Like Reading Books? Get Paid Doing It! Are these book paragraphs related?
I am looking for someone who enjoys reading books and getting paid to do it :-)
I have a software tool that generates footnotes for books and I need someone to reject the bad recommendations. It's a 5 hour job and with option of expanding. You will be reading non-fiction books related to business, history, technology, classics, etc..
I have done the work myself and I was able to process the recommendations at 60-80/hour. If you're interested - a small 5 question interview is attached below as a file. You can message me back your answers directly.
The ideal person would be excellent at english, reading, understanding book concepts, and good judgement when something is related (or not!).
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For each book, a software tool has found a list of potential paragraph pairs - one from the original book and others from other books. I need someone to go through the list of generated pairs and reject the ones that are not relevant.
Specifically, each entry has two paragraphs from two different books.
You will have to mark "reject" where the two paragraphs are "unrelated". They are "unrelated" if they don't talk about the same events or concepts. In other words, reader of the first paragraph from the first book would not be interested in the second paragraph from the second book.
If they are related then you don't have to do anything.
Here are some examples of paragraphs from the book "Steve Jobs" with paragraphs linking to other books.
Here are two paragraphs that ARE related:
"After this team leaves the meeting room, one of the partners says something that is said after many interviews: “Fund for the pivot.” A “pivot” means a fundamental change in a startup’s strategic direction, when one core idea is replaced with another one. Startups pivot all the time and the word is now entrenched in the Valley lexicon of buzzwords. But another, newer term has caught the attention of Jessica Livingston. At one point, in a brief lull in between interviews, she calls out to Altman at the other end of the table, “Sam, you know what my biggest, overused, meaningless tech lingo is? ‘On-boarding.’”
"The kind of pivot we needed is called a customer segment pivot. In this pivot, the company realizes that the product it’s building solves a real problem for real customers but that they are not the customers it originally planned to serve. In other words, the product hypothesis is confirmed only partially. (This chapter described such a pivot in the Votizen story, above.)"
Here are two paragraphs that are NOT related. They are both about Super Bowl commercials, but one is about motivation and the other one is about one particular Super Bowl commercial.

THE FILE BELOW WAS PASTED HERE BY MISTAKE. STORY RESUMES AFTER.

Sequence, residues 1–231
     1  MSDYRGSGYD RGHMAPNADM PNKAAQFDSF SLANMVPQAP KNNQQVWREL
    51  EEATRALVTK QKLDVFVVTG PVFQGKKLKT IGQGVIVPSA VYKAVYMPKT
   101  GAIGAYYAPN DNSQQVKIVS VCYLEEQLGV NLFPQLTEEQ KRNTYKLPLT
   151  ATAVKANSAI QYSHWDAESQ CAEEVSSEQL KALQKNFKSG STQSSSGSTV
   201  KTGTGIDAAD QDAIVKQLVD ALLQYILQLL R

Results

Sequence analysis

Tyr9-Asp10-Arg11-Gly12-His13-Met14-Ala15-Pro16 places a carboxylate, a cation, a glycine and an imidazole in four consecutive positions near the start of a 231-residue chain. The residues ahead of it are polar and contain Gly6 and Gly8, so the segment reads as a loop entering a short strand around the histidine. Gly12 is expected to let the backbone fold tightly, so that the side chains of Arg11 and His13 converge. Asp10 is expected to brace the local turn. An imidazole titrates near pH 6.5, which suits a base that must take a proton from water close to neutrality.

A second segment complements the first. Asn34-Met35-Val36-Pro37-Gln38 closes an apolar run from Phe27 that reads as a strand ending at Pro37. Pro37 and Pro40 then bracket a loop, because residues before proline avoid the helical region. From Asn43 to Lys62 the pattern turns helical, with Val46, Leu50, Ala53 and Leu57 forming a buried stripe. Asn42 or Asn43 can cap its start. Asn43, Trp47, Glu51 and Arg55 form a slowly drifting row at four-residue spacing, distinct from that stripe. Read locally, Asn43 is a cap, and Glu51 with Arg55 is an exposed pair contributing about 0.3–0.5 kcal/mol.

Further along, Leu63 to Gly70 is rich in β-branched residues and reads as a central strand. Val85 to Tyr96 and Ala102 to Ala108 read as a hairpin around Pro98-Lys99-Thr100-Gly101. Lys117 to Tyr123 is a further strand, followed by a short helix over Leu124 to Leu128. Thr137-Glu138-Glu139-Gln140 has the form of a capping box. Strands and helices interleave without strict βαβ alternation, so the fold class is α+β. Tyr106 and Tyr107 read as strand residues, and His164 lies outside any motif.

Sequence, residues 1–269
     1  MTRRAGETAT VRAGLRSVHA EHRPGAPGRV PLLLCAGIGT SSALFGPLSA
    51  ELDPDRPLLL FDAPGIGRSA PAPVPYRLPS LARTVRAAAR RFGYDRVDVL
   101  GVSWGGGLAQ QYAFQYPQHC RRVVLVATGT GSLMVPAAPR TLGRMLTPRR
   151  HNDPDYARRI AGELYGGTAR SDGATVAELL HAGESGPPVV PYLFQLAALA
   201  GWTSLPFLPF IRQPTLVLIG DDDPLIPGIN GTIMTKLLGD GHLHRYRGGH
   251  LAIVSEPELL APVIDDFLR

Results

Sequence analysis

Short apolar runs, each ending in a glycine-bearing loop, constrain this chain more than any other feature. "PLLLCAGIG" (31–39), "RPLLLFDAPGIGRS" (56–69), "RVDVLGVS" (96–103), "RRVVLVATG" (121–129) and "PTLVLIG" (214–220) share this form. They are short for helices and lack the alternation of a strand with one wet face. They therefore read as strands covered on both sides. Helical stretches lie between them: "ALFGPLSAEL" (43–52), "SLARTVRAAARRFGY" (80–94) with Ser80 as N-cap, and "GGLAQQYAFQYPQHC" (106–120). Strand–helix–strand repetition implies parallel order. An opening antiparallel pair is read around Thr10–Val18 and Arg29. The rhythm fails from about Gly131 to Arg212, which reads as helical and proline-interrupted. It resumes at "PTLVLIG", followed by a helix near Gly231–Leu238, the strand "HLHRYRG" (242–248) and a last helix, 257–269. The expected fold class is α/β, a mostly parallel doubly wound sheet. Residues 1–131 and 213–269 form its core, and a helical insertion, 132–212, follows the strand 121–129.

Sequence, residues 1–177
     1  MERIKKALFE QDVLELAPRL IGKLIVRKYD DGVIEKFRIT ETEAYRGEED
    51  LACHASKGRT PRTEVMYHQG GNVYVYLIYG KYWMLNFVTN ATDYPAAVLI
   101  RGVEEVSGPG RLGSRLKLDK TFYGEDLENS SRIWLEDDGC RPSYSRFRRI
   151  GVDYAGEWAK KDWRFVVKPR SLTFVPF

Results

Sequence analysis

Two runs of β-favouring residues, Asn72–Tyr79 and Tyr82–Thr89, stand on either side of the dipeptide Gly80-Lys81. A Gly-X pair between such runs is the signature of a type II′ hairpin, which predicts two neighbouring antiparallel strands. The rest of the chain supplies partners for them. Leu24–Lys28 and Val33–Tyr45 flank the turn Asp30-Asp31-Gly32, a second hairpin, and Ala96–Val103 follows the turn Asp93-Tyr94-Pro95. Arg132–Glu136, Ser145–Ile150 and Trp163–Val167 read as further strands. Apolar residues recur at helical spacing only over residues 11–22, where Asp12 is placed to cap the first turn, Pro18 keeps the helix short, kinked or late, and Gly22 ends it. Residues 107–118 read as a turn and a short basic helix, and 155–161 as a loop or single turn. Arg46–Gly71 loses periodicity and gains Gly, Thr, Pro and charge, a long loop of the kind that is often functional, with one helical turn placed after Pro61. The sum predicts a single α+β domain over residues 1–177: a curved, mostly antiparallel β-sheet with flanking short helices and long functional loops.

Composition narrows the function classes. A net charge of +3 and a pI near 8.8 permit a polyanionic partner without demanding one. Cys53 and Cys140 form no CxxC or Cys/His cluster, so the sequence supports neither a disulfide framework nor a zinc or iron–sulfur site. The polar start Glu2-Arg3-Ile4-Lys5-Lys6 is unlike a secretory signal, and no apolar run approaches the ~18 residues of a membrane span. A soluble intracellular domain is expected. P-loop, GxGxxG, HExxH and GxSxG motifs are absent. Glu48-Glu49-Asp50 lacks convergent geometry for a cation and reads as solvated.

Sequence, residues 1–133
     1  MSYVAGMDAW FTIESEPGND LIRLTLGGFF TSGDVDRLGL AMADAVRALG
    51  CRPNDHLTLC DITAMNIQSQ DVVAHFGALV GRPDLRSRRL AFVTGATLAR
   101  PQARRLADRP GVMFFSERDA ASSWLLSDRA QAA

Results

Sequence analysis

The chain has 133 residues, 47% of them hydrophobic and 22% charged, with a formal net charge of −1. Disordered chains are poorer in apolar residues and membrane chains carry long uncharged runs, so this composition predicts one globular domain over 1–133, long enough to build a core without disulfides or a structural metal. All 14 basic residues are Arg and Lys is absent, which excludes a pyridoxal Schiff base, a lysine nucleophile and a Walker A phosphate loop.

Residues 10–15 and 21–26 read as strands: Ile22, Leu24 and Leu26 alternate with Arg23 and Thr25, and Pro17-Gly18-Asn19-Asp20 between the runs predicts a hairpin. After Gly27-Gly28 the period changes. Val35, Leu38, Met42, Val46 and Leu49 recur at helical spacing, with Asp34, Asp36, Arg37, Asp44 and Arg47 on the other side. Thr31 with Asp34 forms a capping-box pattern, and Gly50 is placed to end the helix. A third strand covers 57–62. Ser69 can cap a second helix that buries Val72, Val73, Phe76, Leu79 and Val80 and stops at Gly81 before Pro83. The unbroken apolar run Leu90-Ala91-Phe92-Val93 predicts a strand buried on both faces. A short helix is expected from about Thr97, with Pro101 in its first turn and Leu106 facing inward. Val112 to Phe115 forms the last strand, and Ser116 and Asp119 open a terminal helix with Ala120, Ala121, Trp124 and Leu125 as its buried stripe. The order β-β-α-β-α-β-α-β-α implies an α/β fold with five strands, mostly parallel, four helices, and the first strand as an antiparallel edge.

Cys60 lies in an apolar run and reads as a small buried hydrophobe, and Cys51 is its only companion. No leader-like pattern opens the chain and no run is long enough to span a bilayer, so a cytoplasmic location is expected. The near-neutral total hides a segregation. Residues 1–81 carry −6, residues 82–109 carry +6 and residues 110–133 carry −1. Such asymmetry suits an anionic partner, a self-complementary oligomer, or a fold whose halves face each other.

"My team was responsible for taking a new food concept national, but we were really at the nuts-and-bolts stage. It was going to take a lot of work, and it was going to be a pretty long timeline. So in order to get people motivated and emotionally connected to the idea, I presented them with this vision of what success might look like: “Imagine that, in two years, you’re at a Super Bowl–watching party with your friends, and a commercial for our new food concept comes on. We’ve done such a good job of making this thing happen that it’s worthy of a Super Bowl commercial. How would it make you feel to turn to your friends and say, ‘I was part of that. I helped make that thing happen.’” They started picturing what the commercial could be like, who might be in it, what the hook would be."
"1984 commercial, the spot that turned the Super Bowl into a grand advertising event and is thought by many to be the greatest commercial ever made. I’d heard many stories from Hayden about working with Steve Jobs, and now I would be having those adventures firsthand. Assuming I survived the next hour."
Here is another pair of paragraphs that are NOT related - they don't talk about the same events.
"So far, twenty projects have been posted on Science Exchange’s Web site. Aside from the eight that have been completed, two other projects have attracted bids but the buyers have not accepted any. In one case, seven bids were submitted for one project, but the principal investigator had simply gone quiet."
"This bid then went to Meriwether, and that’s when it began to die. There is disagreement as to why. Buffett believes that the deal did not happen because Meriwether and the other LTCM principals simply did not want to accept his terms, which would have left LTCM’s principals with little money and no jobs. For their part, Meriwether and other LTCM partners told McDonough that the Buffett bid was structurally flawed and therefore not feasible."